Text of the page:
Nick Gibb

Member of Parliament for Bognor Regis and Littlehampton



Nick Gibb is the long-serving minister of state for school standards. Attending schools in Wakefield and Leeds, Gibb heralded his grammar school experience as “rigorous” in contrast to the “terrible” experience of a comprehensive. Gibb’s brother, Robbie, is a former BBC editor, longstanding Brexiter and was head of communications at Downing Street under Theresa May. Before entering politics, Gibb worked as a chartered accountant at KPMG, specialising in corporate taxation – he is now a fellow of the Chartered Institute of Accountants. He became chairman of the Bethnal Green and Stepney Conservative Association. He stood for parliament in two different constituencies in 1992 and 1994 unsuccessfully, before his eventual election in Bognor Regis. Gibb subsequently joined the Social Security Committee and became shadow treasury spokesperson before moving to shadow trade and industry spokesperson. Following the 2010 general election, Gibb became schools minister. He left government in 2012, but returned to the post in 2014. Gibb supported the Remain campaign and backed his old boss Michael Gove in both the 2016 and 2019 leadership contests. He married his long-time partner Michael Simmonds, chief executive of Populus, in 2015. Gibb’s role as schools minister was amended under Theresa May to become minister for school standards. He is an advocate of synthetic phonics for teaching children to read. In 2020, his department was criticised for elitism after the fiasco and eventual U-turn in the wake of an algorithmic determination of A Level and GCSE results, in a year where no exams took place. In 2020, Gibb claimed that just 0.2 per cent of children were off school when the real figure was 17 per cent. Gibb has openly criticised the current education system, targeting weak teachers and the “joyless” curriculum. Christine Blower, general secretary of the NUT, has said: “He is wrong about teaching and he is wrong about learning in schools”.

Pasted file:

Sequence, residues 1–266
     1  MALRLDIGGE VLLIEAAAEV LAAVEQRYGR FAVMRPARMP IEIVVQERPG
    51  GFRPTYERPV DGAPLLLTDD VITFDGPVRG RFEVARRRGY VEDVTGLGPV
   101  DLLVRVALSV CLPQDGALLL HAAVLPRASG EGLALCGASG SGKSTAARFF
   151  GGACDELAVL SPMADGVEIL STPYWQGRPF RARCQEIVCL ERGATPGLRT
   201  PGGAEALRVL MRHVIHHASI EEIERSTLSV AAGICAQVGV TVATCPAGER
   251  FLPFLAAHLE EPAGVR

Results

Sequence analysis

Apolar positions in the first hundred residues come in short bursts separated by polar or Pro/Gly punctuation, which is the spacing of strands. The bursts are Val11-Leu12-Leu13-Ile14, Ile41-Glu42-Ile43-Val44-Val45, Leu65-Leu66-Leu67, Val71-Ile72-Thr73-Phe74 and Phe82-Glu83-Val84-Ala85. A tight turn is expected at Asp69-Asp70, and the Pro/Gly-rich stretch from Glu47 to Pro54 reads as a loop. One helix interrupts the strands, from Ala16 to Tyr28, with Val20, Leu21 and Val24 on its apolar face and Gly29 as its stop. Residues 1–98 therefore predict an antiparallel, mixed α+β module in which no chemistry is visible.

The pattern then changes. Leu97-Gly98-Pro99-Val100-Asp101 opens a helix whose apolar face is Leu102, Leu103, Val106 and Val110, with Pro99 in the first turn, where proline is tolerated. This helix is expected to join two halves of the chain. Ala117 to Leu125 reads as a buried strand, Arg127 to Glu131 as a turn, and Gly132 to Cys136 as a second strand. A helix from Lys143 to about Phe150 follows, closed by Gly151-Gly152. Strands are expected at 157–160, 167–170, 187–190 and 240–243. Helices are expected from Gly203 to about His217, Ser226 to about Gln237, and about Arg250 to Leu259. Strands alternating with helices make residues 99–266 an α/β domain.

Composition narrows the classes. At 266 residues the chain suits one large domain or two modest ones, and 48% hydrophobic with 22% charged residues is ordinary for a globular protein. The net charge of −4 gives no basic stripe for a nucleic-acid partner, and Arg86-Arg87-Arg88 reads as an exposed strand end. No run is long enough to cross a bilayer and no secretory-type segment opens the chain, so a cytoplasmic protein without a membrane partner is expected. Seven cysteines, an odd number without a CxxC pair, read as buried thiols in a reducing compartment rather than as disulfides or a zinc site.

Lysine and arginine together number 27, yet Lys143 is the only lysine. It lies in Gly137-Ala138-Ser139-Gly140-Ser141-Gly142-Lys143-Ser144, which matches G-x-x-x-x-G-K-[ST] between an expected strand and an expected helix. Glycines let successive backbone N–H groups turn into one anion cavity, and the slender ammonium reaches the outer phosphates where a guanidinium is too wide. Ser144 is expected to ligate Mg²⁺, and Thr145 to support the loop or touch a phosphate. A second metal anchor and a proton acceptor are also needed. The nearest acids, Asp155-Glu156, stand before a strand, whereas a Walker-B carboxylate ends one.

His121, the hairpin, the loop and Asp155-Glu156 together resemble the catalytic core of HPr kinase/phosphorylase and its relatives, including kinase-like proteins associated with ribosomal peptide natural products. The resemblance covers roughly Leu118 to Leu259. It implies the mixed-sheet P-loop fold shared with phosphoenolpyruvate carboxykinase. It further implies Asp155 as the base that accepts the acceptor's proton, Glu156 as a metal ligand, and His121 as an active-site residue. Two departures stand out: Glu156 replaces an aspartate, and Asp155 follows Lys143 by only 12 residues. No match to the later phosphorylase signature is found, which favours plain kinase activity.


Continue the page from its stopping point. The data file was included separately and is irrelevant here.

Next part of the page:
Financial Interests

Official parliamentary photograph taken by Chris McAndrew, 2017, licensed under the Open Government Licence v3.0